Archaeology from the depths of the Delaware River to high atop Philadelphia’s Skyline

Today, I coordinated the activities of two groups of faculty and students working on archaeological related projects at the Antoinette Westphal College of Media Arts & Design, Drexel University, Philadelphia, PA USA. One project supervised by Erik Sundquist, Director of the Westphal Hybrid Lab and being produced by Riley Stewart, a Digital Media sophomore is an 11 ft. replica of a cheval de frise, an American Revolution era underwater weapon used to prevent British warships from sailing into Philadelphia. The artifact was recovered in the Delaware River in 2007 by maritime archaeologist J. Lee Cox Jr. and donated to the Independence Seaport Museum. Shortly after the artifact was recovered,  Craig Bruns, Chief Curator, Independence Seaport Museum, asked if my team of faculty and students could make a 3D scan of the cheval as part of the Museum’s effort to preserve it. Then Digital Media faculty member Chris Redmann and Digital Media sophomore Mark Petrovich scanned the artifact and produced a 3D model. Recently, Craig asked if we could produce a replica of the cheval from our scan data. Craig plans to use the replica as a proxy for the actual artifact as the Museum prepares to exhibit the cheval de frise. Before producing the full scale replica, Erik and Riley printed a miniature replica of the cheval to test the integrity of the scan data. Satisfied with the model Erik and Riley plan to produce the replica next week.

For the second project I reviewed storyboards for two Public Service Announcements (PSAs) that will be used in October to alert the public to two archaeology events. The first entitled, “Explore Philadelphia’s Buried Past” is a one day celebration where archeologists explain to the public ongoing archaeological work being conducted in Philadelphia. The free event is held at the National Constitution Center and is sponsored by the Philadelphia Archaeological Forum and Independence National Historical Park (INHP) Archaeology lab. The other PSA will announce that October is Pennsylvania Archaeology Month. The storyboards are being produced by Digital Media freshman, Ryan Rasing. Both PSA’s will feature 3D models of archaeological artifacts from the INHP’s archaeology collection. The artifacts were scanned last week at INHP’s Archaeology Lab by Digital Media graduate student Jonnathan Mercado assisted by Ryan. Both are working to produce the PSAs that will appear on the upper floors of the Pennsylvania Energy Company (PECO) Building high above the city of Philadelphia for all to see.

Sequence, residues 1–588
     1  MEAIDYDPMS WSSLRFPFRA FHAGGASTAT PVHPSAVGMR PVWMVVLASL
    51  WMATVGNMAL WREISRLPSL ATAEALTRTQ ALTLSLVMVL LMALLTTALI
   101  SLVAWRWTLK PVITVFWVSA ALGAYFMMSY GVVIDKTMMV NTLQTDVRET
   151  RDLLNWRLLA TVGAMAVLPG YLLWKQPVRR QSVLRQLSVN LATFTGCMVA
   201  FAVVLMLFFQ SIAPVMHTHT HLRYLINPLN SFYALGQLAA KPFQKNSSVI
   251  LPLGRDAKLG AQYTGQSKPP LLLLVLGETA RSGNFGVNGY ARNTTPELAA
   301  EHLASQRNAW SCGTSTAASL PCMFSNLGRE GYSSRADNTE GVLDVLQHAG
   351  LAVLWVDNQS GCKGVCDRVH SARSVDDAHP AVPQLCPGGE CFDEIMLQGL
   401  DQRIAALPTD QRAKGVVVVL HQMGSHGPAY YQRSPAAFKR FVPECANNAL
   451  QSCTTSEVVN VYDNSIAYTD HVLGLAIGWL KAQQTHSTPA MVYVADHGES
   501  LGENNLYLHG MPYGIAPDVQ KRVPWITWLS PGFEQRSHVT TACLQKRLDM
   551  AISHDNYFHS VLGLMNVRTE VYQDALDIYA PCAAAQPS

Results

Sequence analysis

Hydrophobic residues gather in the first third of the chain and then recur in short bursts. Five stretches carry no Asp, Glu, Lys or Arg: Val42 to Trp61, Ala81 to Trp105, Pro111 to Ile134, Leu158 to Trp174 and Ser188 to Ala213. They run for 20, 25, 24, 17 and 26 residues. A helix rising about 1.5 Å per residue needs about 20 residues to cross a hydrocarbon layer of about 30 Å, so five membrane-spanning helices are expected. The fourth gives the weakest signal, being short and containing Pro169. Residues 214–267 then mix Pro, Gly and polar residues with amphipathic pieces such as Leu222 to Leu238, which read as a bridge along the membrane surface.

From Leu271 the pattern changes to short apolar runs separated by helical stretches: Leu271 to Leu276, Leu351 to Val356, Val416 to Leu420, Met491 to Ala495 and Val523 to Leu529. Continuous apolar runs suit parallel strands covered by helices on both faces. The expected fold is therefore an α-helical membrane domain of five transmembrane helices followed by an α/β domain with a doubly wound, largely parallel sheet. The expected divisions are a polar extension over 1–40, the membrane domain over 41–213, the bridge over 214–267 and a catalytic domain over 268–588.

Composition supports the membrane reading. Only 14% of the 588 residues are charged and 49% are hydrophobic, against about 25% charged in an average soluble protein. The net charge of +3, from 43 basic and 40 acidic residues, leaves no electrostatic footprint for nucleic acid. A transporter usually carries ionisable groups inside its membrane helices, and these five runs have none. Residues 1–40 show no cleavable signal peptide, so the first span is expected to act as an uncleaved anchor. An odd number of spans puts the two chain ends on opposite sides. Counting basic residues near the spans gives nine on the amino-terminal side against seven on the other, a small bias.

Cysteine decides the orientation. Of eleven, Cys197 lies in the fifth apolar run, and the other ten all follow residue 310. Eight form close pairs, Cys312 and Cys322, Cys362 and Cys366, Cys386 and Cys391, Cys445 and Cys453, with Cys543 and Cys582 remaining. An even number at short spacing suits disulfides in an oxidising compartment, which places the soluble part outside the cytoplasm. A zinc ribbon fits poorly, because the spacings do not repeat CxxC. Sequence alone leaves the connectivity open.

Ryan (left) Jed Levin, Chief Historian INHP (center) Jonnathan (right) examine 3D scan data at INHP’s Archaeology Lab

Ryan (left) Jed Levin, Chief Historian INHP (center) Jonnathan (right) examine 3D scan data at INHP’s Archaeology Lab

Cosmeston post-excavation morning report

Hello everyone,

This is Nicolle Grieve, 20, Cardiff University 3rd year student studying BA joint honours Ancient History and Archaeology.

Although I had originally entered university to study single honours Ancient History, the archaeology modules provided an opportunity to study the ancient Egyptians and a chance to get physically involved in the process of excavation.

Last year I took part in an excavation of a Neolithic site at Brodsworth. It was a brilliant experience and, although the work was hard and the thought of living in a tent for a month wasn’t appealing, I found I really enjoyed my time on excavation. I returned healthy (very tanned), I met a lot of great people and the Wednesday night BBQ was always something to look forward to.

This year however, I wanted to experience the other side of excavation, the post-excavation work. At Cardiff University we are looking at what happens with the material found after excavations. As a group of six students we have looked at material found at Cosmeston.  We have been sorting and marking the pottery found in each context. Each sherd of pottery is marked with the site code and context number (where it was found), so if lost or misplaced it can be reconnected with the area from which it was discovered.

My main job though has been writing up the Cosmeston context sheets, and following this, scanning in the photographs taken during work in the 1980s to cross reference them with the catalogue to build a digital archive. This is very important because post excavation is about organising and ensuring the material and information is preserved. With the completed digital archive it not only makes the work of archaeologists studying the finds of the 1980’s easier but it allows us as archaeologists to find patterns within similar sites and find links in which we can form theories.  The overall process of post excavation is the most time consuming part of archaeology but the final stage, cataloguing the information ready for publication, is in some ways, the most rewarding part in my opinion.